Study Guide

Tristan in The Romance of Tristan

By Béroul


Tristan the Knight

Here he is, folks. Medieval knights don't get much better than this.

As a knight, Tristan is everything you could want. He's been trained by the best, and he can do it all. His dad made this all possible by entrusting Tristan's education to that wise man Governal, who taught him "all the warlike and peaceful arts" (1.39). What are those, you ask? Awesome things like swordplay, jousting, hunting, music, and languages. So he's got all these amazing skills, and on top of that, he's an all-around good guy.

Tristan shows his amazing knightliness when he first arrives at King Mark's court. Tristan's mad skills and accomplishments set him apart from Mark's other knights right away, making him a favorite of the king even before he learns that Tristan is his nephew. In Ireland, Tristan's expert harping attracts the attention of the Irish king whose daughter, Yseut, manages to heal his poisoned wound. And oh yeah, did we mention that he received that wound by beating a scary Irishman in a fight? (Cough Yseut's uncle cough.) When it comes to his knightly skills, Tristan is the best of the best. It's hard to believe that Yseut needs a love potion to fall for this hunk. After all, here's a guy who can kill dragons and play the harp.

Now, Tristan may be a real quarterback of a knight, but what's even more important in this society is his relationship with his lord, to whom he owes loyalty, respect, love, and even his life. At first, Tristan is a great vassal: He's such a loyal vassal to his lord, King Mark, that the two have a real medieval bromace going on. (At least at first.) Tristan's the only one willing to fight Morholt, for one thing. He's also the only one who steps up to help find the woman Mark declares he wants to marry.

Tristan the Lover

Of course, that's where all the problems start. Thanks to a powerful love potion, Tristan falls in love with his lord's future wife as he's escorting her to marry him. Yeah, that's so totally crossing the line for any good vassal ever. And it's not like Tristan decides to love Yseut from afar; instead, she and he continue to meet secretly, sometimes in the king's own bed, even after Mark's suspicions get Tristan thrown out of the palace. Unlike Meatloaf, Tristan will do anything for love—and he will do that.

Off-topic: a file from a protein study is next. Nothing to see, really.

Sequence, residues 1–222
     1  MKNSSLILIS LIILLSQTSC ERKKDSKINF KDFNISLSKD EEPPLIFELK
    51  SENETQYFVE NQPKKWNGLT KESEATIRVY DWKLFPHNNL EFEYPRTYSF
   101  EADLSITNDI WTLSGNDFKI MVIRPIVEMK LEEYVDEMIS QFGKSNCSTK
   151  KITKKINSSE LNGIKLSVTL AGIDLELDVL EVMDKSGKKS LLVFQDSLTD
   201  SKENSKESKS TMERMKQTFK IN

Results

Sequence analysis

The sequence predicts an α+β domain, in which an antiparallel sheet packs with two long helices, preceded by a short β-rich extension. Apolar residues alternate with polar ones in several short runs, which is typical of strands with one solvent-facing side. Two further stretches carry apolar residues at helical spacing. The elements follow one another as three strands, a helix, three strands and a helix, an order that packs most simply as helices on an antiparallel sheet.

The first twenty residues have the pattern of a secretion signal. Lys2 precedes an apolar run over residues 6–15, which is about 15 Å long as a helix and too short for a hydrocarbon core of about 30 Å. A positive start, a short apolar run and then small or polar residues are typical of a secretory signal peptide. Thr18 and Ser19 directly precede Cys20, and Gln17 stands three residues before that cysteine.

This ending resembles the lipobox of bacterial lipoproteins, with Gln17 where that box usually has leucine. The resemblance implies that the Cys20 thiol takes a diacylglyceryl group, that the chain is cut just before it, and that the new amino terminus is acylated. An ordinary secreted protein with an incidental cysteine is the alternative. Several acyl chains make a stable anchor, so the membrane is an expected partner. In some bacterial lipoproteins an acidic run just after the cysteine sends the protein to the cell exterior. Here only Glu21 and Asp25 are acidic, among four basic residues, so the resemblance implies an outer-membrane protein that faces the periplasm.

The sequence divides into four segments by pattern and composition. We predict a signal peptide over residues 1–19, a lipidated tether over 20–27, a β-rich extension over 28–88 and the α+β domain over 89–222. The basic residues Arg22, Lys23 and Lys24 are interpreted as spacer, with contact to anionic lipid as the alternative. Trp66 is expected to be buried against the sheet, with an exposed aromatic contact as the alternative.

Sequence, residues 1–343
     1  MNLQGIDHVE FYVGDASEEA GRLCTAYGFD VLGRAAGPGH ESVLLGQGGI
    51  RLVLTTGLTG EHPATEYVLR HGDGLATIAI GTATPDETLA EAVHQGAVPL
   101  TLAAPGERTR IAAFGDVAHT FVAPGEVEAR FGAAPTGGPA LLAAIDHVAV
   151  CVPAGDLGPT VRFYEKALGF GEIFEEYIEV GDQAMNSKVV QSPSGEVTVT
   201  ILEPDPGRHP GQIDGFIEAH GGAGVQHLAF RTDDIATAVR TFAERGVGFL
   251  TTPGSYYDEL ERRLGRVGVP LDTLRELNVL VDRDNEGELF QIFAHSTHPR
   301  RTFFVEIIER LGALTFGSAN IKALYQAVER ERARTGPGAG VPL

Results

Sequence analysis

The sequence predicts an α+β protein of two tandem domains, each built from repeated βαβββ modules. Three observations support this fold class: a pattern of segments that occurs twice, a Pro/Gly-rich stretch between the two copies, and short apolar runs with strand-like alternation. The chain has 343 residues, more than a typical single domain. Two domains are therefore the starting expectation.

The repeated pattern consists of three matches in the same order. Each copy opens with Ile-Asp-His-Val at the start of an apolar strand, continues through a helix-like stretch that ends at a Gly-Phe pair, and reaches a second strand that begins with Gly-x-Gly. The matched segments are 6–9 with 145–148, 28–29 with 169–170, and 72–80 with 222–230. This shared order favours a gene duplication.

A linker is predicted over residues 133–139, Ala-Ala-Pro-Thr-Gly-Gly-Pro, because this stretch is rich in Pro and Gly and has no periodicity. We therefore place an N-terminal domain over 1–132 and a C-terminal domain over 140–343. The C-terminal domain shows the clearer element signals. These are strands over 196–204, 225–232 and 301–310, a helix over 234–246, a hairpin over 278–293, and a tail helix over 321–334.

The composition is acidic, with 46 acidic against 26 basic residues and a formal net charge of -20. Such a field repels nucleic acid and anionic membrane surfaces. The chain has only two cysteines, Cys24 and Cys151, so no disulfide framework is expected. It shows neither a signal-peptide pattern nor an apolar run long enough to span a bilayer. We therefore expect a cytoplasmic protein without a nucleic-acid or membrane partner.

Despite this ultimate betrayal of his lord (oh, yeah, and also his adultery, which medieval people didn't like so much), this story isn't all that interested in making us think badly of Tristan's actions. As Yseut explains to the pious hermit Ogrin, she and Tristan can't help loving one another "only because of a draught that I drank and he drank" (7.79), a plot point that serves to lessen their guilt. Instead of the lovers looking traitorous, it's Mark's barons that get a bad rap for their "lies," and Mark who appears stupid and disloyal for believing them.

It's also possible that Tristan is destined for unhappy or unlucky love, since, after all, his mom died giving birth to him, and he got the name "Tristan"–basically, "sad dude"–because of it. So even from birth, love (he's the product of his parents' love, after all) and death are intertwined for him. It's another way in which Tristan seems to be fated to do what he does in the story. It's also possible that it's Tristan's very capacity for deep, tragic love that separates him from the other knights and makes him so awesome. Now there's a thought. There are all these hot dudes everywhere in medieval literature, but it's the one with feelings who turns out to be the most interesting.

Now, Tristan seems pretty perfect, but like Yseut, he does do a few things that even the love potion can't excuse. When he marries White Hands, it's not as if he's really thinking about her best interests, right? For that matter, what's up with getting healed by the niece of the Irishman you just killed, then winning her in marriage and turning her over to the guy who wanted that Irishman dead in the first place? And why is Tristan helping Kaherdin get it on with some other dude's wife? Tristan is definitely our hero, and we want to take his side, but it's complicated, you know?

Anyway, instead of condemning Tristan, we're encouraged to admire him. He's a lover, he's a fighter, and he's also pretty clever (though Yseut probably gets the gold star for cleverness in this story). Tristan comes up with all kinds of ingenious ruses to avoid capture. His elaborate performance of innocence and loyalty when he knows Mark is eavesdropping; spectacular escape from his captors and leap from a cliffside chapel to the seashore below; and successfully executed disguises as a leper and a clown mark Tristan's cleverness and skill. Never mind that these are all means by which he tricks his lord and continues to sleep with his wife: the point here is that Tristan is awesome. Love is the ultimate good in this story, and Tristan its most loyal knight.